This comprehensive volume explores histories and modern reworkings of the ideas of mind, soul and consciousness in South Asia.
It focuses on the burgeoning ‘psy-disciplines’ – psychology, psychiatry, psychotherapy – and their links with religion, science, philosophy, and modern notions of the mystical and spiritual, not just in South Asia, but around the world. The authors explore the global flows of ideas that gathered pace during the late nineteenth and twentieth centuries, including: the idea(s) of self within ‘Hindu modernities’; the history of relativity of consciousness in Jaina epistemology; Jungian critiques of Cartesian rationalism; Islamic reform vis-à-vis Sufi mysticism; and the re-examination and invocations of key strands of the fields of ‘Indian philosophy’ and the ‘psy-disciplines’ in modern India. Together these chapters stoke a critical engagement with existing conceptual boundaries and categories of mind, soul, consciousness, and body-mind relationship in modern Asian and European spiritual and intellectual traditions.
This book will interest scholars and students of cross-cultural philosophy, intellectual history, history of religion, religious studies, and history of the mind sciences. It was originally published as a special issue of the journal South Asian History and Culture.
Jitendra Nath Mohanty
1. Mind, soul, and consciousness: religion, science, and the psy disciplines in modern South Asia
2. The science of the self (ātmavidyā): the reconfigurations of Vedāntic gnosis in Hindu modernities
3. Consciousness and relativity: anekāntavāda and its role in Jaina epistemology
Jeffery D. Long
4. Recovering wisdom of the ‘ancient rishis’: Girindrasekhar Bose, Indra Sen, and the psy-disciplines in modern India
5. Self-reflection and projection in Jungian ‘spirituality’: Carl Gustav Jung’s encounter with India and his critique of Indian psy-sciences
6. Music, emotions and reform in South Asian Islam: perspectives from the eighteenth to the twentieth century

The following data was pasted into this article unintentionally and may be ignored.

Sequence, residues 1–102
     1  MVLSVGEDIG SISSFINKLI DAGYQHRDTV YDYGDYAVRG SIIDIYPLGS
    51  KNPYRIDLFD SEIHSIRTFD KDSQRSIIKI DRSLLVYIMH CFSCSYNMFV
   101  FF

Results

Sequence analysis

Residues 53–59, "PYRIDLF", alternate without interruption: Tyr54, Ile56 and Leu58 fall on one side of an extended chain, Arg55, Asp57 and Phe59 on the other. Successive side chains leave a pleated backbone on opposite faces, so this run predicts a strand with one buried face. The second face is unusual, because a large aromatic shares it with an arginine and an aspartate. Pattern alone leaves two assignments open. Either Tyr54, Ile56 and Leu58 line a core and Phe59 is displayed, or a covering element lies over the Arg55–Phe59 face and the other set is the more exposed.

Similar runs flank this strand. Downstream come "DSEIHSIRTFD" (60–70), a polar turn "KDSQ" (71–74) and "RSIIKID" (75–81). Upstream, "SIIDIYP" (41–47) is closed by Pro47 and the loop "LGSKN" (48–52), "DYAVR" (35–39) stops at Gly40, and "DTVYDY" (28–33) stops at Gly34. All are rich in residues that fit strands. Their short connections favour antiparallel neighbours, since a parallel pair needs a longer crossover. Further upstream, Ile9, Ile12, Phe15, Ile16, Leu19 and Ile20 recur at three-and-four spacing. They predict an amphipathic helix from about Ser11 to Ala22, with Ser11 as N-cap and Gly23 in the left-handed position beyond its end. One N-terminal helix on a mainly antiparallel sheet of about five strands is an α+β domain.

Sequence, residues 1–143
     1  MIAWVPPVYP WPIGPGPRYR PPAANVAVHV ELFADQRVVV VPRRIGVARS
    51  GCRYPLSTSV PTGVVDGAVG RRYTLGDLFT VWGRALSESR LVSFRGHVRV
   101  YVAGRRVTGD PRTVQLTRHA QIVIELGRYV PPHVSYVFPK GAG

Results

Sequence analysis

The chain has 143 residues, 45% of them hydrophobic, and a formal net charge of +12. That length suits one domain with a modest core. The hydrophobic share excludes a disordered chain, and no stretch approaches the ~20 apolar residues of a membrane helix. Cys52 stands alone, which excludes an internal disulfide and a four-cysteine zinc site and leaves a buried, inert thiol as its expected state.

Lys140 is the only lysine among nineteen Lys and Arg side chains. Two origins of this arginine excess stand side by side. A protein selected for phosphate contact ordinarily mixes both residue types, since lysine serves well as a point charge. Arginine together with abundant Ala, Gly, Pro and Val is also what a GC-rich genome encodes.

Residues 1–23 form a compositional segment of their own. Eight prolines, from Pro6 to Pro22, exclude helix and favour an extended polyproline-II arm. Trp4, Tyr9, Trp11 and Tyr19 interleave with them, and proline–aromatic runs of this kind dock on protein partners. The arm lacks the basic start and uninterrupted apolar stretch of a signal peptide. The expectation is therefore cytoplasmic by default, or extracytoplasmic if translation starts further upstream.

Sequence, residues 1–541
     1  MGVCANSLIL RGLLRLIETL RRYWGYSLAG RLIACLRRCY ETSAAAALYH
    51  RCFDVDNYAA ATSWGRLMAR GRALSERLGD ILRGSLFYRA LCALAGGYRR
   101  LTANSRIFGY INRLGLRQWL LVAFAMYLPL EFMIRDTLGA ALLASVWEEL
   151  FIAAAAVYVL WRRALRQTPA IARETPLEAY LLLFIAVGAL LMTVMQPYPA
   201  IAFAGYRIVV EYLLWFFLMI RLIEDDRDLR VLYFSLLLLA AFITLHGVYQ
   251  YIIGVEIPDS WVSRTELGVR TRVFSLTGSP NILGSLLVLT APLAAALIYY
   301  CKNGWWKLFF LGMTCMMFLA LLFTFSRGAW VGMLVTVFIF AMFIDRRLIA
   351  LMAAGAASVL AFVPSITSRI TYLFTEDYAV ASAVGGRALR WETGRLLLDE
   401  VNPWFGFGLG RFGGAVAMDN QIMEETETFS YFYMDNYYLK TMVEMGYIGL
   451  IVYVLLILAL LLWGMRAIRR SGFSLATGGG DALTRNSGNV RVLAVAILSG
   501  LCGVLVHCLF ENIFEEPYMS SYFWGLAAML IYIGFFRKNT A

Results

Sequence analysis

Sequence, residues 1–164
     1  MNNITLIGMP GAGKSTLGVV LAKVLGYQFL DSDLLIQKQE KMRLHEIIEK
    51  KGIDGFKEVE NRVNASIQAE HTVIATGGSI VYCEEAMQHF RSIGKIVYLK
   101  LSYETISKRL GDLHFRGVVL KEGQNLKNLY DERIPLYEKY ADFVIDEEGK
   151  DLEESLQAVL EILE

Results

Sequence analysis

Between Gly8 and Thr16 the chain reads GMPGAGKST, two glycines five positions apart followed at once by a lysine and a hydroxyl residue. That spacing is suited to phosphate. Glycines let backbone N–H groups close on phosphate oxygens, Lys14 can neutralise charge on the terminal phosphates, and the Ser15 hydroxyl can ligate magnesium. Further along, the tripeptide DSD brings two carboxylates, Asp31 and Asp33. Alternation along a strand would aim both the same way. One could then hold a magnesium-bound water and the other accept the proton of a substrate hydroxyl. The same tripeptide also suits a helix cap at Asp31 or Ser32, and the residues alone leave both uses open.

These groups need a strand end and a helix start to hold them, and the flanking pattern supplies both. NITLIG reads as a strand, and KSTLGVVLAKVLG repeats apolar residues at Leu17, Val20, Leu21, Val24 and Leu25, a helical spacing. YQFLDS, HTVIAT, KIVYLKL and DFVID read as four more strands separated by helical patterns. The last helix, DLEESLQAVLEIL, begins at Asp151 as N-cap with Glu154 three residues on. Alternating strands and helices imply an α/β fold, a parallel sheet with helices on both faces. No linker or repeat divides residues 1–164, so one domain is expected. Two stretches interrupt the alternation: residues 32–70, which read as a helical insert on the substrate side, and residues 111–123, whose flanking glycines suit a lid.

M. Sajjad Alam Rizvi
This books series offers a forum that will provide an integrated perspective on the field at large. It brings together research on South Asia in the humanities and social sciences, and provides scholars with a platform covering, but not restricted to, their particular fields of interest and specialization. Such an approach is critical to any expanding field of study, for the development of more informed and broader perspectives, and of more overarching theoretical conceptions.
The idea is to try to achieve a truly multidisciplinary forum for the study of South Asia under the aegis of which the established disciplines (e.g. history, politics, gender studies) and more recent fields (e.g. sport studies, sexuality studies) will enmesh with each other. A focus is also to make available to a broader readership new research on film, media, photography, medicine and the environment, which have to date remained more specialized fields of South Asian studies.
A significant concern for series is to focus across the whole of the region known as South Asia, and not simply on India, as most ‘South Asia' forums inevitably tend to do. The series is most conscious of this gap in South Asian studies and works to bring into focus more scholarship on and from Pakistan, Bangladesh, Sri Lanka, Nepal and other parts of South Asia.